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‘It’s not the people who are bad, it’s the culture.’
‘Friends turned on me, on my wife.’
‘This job involves in some part selling your soul for a good salary.’
‘You’re sitting there, and you may have just made the decision that destroyed the world.’
Winner of the NS Public Prize for Book of the Year 2015
Joris Luyendijk, an investigative journalist, knew almost nothing about banking until he was assigned to investigate the financial sector. Over two years he spoke to more than 200 people – from the competitive investment bankers and elite hedge fund managers to downtrodden back office staff and those made redundant in regular ‘culls’. They opened up about what they actually do, about the toxic hiring and firing culture and about the overwhelming technological and mathematical opacity of their work. They admitted that in the crash of 2008, they hoarded food, put their money in gold and prepared to evacuate their children to the countryside. And they agreed that nothing had changed since then.
This is the most entertaining book on banking since Liar's Poker.
Luyendijk dives deep into the most important social pocket in the world: among the elite financiers who nearly killed the global economy a few years ago - and who are right now carrrying on as before in a system that's as shaky as ever. All this is described not with spleen, but with an attentive empathy - and the book is all the more terrifying for it.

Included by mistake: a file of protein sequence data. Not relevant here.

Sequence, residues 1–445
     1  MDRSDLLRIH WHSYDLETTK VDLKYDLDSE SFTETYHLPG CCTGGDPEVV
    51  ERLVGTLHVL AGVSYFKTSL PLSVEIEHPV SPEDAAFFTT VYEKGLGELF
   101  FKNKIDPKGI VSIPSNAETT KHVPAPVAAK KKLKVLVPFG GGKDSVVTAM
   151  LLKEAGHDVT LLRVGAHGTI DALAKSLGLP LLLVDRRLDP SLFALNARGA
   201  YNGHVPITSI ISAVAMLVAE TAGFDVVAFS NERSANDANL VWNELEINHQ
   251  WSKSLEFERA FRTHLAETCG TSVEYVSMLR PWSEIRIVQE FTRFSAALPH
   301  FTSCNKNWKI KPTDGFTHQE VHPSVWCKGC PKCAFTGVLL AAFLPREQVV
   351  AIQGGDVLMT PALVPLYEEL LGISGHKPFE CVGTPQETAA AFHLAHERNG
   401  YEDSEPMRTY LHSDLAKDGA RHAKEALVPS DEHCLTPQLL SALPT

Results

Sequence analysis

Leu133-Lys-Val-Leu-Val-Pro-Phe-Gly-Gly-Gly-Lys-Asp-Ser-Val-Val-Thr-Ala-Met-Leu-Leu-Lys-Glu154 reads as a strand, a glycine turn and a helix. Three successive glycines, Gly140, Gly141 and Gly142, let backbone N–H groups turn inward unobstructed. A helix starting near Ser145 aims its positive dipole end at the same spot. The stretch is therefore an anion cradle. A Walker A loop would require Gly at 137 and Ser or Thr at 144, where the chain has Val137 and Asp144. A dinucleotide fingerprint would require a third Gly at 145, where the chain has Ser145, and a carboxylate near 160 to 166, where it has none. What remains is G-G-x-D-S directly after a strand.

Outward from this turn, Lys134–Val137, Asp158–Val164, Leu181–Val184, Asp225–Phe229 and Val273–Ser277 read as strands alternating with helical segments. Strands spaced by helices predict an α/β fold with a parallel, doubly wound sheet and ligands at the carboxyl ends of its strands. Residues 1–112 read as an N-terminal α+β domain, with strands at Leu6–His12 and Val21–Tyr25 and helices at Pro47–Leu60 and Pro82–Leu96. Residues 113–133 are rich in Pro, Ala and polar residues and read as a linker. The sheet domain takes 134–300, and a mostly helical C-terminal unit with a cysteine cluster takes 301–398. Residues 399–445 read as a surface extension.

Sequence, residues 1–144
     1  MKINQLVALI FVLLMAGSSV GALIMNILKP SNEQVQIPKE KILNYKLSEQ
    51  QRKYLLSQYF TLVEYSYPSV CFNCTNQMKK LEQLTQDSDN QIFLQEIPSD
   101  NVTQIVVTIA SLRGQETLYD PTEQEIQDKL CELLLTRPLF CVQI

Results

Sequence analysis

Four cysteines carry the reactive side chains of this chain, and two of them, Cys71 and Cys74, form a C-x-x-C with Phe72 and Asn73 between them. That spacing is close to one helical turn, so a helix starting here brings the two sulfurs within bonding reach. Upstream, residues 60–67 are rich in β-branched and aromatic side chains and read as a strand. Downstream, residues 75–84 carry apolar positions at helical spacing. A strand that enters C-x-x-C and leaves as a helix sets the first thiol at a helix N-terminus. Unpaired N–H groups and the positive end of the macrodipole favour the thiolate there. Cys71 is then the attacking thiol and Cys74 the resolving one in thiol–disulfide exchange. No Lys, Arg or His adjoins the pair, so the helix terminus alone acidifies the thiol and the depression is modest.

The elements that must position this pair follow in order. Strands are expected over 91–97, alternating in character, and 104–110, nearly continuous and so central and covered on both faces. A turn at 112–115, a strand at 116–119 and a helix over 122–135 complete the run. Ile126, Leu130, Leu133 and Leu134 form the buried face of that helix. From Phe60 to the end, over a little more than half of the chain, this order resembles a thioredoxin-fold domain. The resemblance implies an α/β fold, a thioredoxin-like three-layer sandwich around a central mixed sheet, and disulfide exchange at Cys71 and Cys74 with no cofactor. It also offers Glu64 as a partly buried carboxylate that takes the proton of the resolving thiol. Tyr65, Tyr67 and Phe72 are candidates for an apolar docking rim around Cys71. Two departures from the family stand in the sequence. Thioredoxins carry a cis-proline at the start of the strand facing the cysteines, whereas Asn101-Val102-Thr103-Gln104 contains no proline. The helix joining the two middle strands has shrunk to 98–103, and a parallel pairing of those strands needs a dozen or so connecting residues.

An exploration of the inner workings of banking that's both enormously entertaining and utterly terrifying. Proceeding in his fair-minded, unsensationalist way, Joris Luyendijk ends up showing how the financial system has evolved to offer all the wrong psychological rewards for all the worst behaviour - and how we may be teetering on the brink of a greater crisis than those we've already seen. It's not (mainly) that bankers are bad people. It's far scarier than that.
Based on interviews with bankers, Joris Luyendijk's Swimming with Sharks argues that the problem in banking is systematic rather than with individuals. While suggesting another crash is inevitable, Luyendijk also achieves the near-impossible: making you pity these "masters of the universe".
Joris Luyendijk was born in Amsterdam. He is a writer, journalist and author of Hello Everybody!: One Journalist’s Search for Truth in the Middle East.In 2011 Luyendijk was as ignorant of a ‘CDO’ or any other maddening financial acronym as you or I. The Guardian asked him to look at the world of finance from a beginner’s perspective and chart…Read More
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